Boundaries of new monuments still vague, details becoming clearer

Preliminary maps are still all that are available, but the boundaries of the new monuments are starting to be understood.
Indian Creek National Monument
The new Indian Creek National Monument includes a total of 86,447 acres of land, including nearly 5,000 acres of private ground. There are approximately 15 640-acre
sections of Trust Lands within the monument.
The new monument includes the Dugout Ranch, which is owned by the Nature Conservancy and houses the Canyonlands Research Center.
According to the Nature Conservancy, the Center works to increase understanding of the interactive effects of climate change and land-use, and focuses on diminished Colorado River water quantity and quality, grazing and recreation impacts, and invasive species.
Entrance to the monument is into Indian Creek Canyon near Newspaper Rock. It appears as if the eastern boundary includes the cliff faces to the east of Indian Creek
The monument includes Indian Creek, Shay, and Cottonwood canyons and includes the iconic North and South Six-Shooter Peaks.
The western border of the monument is Canyonlands National Park.
After Indian Creek canyon opens up north of the Dugout Ranch, the northern border of the monument follows Hwy 211 to the entrance to Canyonlands National Park.
Everything to the south of Hwy 211 appears to be in the monument, while areas north of the road are outside the monument.
As a result, it appears as if the Superbowl Campground is in the monument, while Creek Pasture, Hamburger Rock and the Falls campgrounds are not in the monument.
Bridger Jack Mesa and Lavender Mesa are in the monument boundaries, as is Cathedral Butte and the upper drainage of Salt Creek.
Boundaries of the monument are anchored by the Forest Service boundary on the south side.
Shash Jaa National Monument
The new Shash Jaa National Monument includes 140,643 acres of public land and 1,694 acres of private land. It appears as if there are portions of 18 Trust Land sections within the monument.
The monument begins in the Forest Service highlands around the Bears Ears Buttes and drops more than 4,800 feet to the San Juan River.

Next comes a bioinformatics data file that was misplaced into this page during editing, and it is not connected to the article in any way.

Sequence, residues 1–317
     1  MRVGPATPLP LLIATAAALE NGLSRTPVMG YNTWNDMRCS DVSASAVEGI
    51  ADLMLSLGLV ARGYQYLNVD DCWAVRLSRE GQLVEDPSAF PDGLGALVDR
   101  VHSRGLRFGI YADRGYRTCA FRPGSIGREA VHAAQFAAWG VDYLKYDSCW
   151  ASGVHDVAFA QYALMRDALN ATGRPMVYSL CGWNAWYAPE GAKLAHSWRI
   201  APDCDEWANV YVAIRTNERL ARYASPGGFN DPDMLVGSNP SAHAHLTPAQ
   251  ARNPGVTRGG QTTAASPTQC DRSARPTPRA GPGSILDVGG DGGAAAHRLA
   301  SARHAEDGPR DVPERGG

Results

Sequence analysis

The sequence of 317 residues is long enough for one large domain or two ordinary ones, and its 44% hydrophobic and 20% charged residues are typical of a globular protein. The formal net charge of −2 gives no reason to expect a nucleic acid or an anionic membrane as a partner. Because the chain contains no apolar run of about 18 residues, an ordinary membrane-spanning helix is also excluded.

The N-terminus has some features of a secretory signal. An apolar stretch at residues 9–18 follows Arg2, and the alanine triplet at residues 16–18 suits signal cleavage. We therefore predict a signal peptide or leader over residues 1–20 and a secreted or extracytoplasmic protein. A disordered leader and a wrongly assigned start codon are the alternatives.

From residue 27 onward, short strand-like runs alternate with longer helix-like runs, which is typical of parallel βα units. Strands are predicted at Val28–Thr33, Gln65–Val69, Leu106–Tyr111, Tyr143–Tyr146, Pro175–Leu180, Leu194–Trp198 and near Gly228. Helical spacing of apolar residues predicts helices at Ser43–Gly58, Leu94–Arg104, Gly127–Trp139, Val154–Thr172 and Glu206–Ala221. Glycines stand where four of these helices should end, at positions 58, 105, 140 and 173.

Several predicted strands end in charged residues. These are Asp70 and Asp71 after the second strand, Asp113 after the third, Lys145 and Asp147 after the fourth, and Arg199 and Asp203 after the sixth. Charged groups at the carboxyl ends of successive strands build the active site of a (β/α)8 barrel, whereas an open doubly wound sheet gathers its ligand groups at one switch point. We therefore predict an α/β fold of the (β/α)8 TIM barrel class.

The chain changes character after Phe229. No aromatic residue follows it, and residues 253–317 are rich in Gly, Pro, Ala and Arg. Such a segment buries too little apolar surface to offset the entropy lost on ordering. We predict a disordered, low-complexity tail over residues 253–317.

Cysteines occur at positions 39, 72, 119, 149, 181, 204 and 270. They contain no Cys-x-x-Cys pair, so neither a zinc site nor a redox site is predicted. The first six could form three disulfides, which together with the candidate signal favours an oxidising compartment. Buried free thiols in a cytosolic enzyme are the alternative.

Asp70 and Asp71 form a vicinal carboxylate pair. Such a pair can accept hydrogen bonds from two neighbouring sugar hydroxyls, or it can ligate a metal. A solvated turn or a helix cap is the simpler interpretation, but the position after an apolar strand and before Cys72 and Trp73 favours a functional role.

It appears as if county road 268 is the northern boundary of the monument. Areas north of the road, including Hammond Canyon and into Kigalia, are not in the monument.
South of the road is in the monument, including Milk Ranch Point, Lewis Lodge and Hotel Rock.
Arch Canyon and Mule Canyon drain southeast of the Bears Ears and they are included in the monument, as is Texas Flat.
The monument opens to the south through the Comb Wash drainage and includes Comb Ridge monocline and Butler Wash.
The western boundary of the monument follows the BLM wilderness areas that drain east of Cedar Mesa. The boundary includes portions of Lime Ridge and then drops to the San Juan River along Comb Wash. San Juan Hill is included in the new monument boundaries.
You enter the new monument boundaries from the east on Hwy 95 near the Butler Wash roadside ruins, where the road climbs out of the Cottonwood Canyon drainage.
From Bluff, the eastern boundary on Hwy 163 is Butler Wash and it includes the private property recently purchased by Lyman Family Farms. The eastern ridge of Butler Wash appears to form the eastern boundary of the monument.
You enter the new monument from the west on Hwy 95 near Salvation Knoll.
The Bears Ears Commission now includes the county commissioner that represents southeast San Juan County, in this case Rebecca Benally.

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